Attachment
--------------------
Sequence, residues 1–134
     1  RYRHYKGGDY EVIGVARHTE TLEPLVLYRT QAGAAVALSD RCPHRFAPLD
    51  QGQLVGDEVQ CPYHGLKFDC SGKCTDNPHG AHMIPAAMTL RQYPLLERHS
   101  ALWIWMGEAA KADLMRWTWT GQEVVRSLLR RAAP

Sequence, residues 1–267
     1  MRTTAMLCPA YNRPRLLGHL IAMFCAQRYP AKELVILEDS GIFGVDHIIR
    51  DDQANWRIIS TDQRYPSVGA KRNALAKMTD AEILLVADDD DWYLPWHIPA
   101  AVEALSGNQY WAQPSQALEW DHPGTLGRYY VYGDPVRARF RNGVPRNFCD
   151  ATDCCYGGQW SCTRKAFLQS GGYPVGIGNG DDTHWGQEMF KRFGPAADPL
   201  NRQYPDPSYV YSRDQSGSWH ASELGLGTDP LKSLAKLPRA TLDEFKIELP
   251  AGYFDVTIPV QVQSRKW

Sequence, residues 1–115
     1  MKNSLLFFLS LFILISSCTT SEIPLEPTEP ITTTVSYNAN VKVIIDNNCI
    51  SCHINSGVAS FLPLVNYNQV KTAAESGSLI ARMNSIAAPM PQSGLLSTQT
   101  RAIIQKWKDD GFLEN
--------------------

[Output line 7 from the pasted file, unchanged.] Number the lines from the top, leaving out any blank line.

    51  DDQANWRIIS TDQRYPSVGA KRNALAKMTD AEILLVADDD DWYLPWHIPA